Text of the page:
Up north, Mah Sing has two launches planned for October, one with 237 serviced apartments called M Vista. The units, tentatively priced from RM330,000, are one of the components within the group’s Southbay development.

The second launch will be an industrial park in Bukit Mertajam which will emulate the group’s award-winning i-Parc concept and will feature a mix of shop offices and light industrial factories.

Leong says the project comes at the right time due to better demand for warehouses with the popularity of e-commerce. “People will buy them for logistics reasons and to store products, so it is quite timely to launch this project.”

Hankering for more

Mah Sing has a land bank of about 886ha, of which 67% is located in Greater KL. While this will sustain the group for the next eight to 10 years, Leong reveals the company is still looking to increase its land bank in Greater KL to 75% over the next two to three years.

This year alone, the developer had acquired four parcels of lands, three to be developed into M Vertica, M Centura and an industrial park in Bukit Mertajam, Penang.

A fourth plot is 1.4ha in Titiwangsa, Kuala Lumpur on which an affordable transit-oriented development is planned. Located 250m away from the upcoming Hospital KL MRT station, the lakeside condominiums will be indicatively priced from RM485,000.

RHB Research Institute analyst Loong Kok Wen feels that Mah Sing’s plans to increase its land bank is timely as the property market is still not strong, and land prices are more decent than three to four years ago.

“The reason to concentrate more in the Klang Valley is because this area is more resilient, as the population size is larger, and many economic activities take place here. The Iskandar area and Penang island are still weak.”

Leong hints that Mah Sing is identifying several new launches, but declines to say more, but reveals it will be a mix of affordable and mid-high developments.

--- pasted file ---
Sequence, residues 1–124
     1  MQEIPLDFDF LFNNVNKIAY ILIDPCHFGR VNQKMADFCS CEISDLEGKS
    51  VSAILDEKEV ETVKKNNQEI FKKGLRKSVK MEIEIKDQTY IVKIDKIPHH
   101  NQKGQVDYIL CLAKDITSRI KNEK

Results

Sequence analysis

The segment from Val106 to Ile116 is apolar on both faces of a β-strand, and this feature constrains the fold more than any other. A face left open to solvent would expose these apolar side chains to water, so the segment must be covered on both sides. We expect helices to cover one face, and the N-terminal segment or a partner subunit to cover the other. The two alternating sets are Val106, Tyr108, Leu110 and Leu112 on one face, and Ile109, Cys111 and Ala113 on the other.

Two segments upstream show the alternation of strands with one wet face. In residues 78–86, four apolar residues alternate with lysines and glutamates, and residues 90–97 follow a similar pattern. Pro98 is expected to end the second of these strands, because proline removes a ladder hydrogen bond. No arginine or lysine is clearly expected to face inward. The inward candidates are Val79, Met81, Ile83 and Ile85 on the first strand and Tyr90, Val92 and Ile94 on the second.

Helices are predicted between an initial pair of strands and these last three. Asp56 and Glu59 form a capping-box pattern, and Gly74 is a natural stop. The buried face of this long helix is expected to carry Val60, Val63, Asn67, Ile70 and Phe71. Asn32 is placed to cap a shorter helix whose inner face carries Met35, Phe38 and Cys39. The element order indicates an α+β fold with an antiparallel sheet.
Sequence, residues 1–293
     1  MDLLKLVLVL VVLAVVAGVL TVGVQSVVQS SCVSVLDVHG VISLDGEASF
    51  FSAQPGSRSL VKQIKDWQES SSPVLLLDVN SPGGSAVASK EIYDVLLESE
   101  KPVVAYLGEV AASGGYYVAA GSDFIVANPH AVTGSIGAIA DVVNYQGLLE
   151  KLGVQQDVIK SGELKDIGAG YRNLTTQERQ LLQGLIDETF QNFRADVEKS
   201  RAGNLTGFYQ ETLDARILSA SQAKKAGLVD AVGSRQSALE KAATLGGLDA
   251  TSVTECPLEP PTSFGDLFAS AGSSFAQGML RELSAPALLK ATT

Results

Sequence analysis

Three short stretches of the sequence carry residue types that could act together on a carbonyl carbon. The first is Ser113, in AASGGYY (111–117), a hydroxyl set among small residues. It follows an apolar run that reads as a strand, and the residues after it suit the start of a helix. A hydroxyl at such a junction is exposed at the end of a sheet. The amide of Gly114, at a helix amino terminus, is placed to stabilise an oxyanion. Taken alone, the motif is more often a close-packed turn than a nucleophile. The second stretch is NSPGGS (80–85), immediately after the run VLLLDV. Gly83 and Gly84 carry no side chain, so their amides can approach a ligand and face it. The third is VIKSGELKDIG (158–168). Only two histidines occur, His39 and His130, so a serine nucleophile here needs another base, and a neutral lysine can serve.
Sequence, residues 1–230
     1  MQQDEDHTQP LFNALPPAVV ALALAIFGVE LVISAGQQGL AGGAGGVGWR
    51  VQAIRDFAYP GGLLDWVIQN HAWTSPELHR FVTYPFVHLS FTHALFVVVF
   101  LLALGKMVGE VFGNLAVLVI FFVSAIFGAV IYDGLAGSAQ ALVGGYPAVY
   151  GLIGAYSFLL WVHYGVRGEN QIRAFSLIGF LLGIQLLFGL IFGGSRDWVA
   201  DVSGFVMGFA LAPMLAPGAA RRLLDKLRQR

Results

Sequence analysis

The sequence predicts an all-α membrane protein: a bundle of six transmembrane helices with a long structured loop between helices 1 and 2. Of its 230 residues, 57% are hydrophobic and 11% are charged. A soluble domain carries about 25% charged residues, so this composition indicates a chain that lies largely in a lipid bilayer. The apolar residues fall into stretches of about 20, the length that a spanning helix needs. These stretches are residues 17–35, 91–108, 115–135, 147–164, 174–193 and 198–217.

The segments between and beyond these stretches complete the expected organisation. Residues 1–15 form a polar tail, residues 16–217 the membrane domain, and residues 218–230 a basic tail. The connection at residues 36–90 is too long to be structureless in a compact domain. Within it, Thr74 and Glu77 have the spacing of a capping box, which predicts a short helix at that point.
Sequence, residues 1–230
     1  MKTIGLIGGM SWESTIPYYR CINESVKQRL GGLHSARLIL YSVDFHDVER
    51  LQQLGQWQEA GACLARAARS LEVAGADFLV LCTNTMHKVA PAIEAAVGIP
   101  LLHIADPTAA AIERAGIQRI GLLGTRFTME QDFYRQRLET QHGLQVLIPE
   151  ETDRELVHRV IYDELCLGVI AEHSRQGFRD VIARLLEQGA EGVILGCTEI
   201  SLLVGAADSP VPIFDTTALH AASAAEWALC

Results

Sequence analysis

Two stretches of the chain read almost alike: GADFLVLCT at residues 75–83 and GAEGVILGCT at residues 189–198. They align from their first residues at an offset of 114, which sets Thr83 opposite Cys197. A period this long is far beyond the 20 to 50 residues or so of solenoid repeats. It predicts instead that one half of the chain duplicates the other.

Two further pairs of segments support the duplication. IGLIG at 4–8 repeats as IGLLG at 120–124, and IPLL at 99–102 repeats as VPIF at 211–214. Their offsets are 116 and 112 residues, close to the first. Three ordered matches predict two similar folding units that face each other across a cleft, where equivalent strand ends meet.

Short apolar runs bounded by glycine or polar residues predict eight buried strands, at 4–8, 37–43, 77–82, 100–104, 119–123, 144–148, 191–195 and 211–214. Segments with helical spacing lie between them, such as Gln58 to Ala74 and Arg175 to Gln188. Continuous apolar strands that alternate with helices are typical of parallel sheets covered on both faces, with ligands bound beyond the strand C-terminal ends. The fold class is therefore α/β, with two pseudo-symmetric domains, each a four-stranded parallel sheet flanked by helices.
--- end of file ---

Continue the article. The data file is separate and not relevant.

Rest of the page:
“We must stay hungry in terms of land acquisitions, stay focused in our execution and be healthy in terms of balance sheet. We must ensure the momentum to acquire more land is there,” he says.

In no hurry to venture abroad

Unlike many other big developers, Mah Sing Group Bhd has yet to establish a presence outside Malaysia despite being in property development for 23 years.

Although it has been consistently showing strong interest in spreading its wings overseas, group managing director Tan Sri Leong Hoy Kum says the company is “not in a rush”.

“We are always open to opportunities to expand to locations like Australia, London and Southeast Asian countries like Indonesia. But we are not in a hurry as we have enough land bank to keep us busy.”

Mah Sing’s land bank of about 886ha holds a combined gross development value and unbilled sales of RM30 bil.

“We have completed 13 of 48 projects and the remaining 35 projects will sustain us for the next 10 years, but we will still buy land,” says Leong. 

Thus, the group is comfortable sticking to the local market which it is familiar with.

Although Mah Sing is not actively pursuing any overseas projects, a company executive does not dismiss the possibility of the developer venturing overseas as the local market is limited by the population size. 

Grooming the next generation 

As Mah Sing Group Bhd group managing director Tan Sri Leong Hoy Kum turns 60 this year, he reveals succession plans are in place.

“While I started the company with an entrepreneurial spirit, it is now very professionally managed. My team members have established their own succession planning for their respective departments,” 
he says.

One of the focuses in the group’s rebranding initiative – which started in 2014 – is attracting new talents.

“With more young blood in the company and the ongoing transformation programme, we are grooming potential young talents via various training and guidance programmes to mould them into future leaders of the company,” says Leong.

These young talents include his three children. His son Lionel and daughter Jane are directors of Mah Sing’s group strategy and operations. His younger daughter Rachel is senior 
general manager in the same department.

“I believe it is important for them to learn and understand every process of the company to take on their roles in leading Mah Sing to greater success in future,” he says. 

Leong, however, did not disclose who will take his place when he finally calls it a day. 

This article first appeared in Focus Malaysia Issue 248.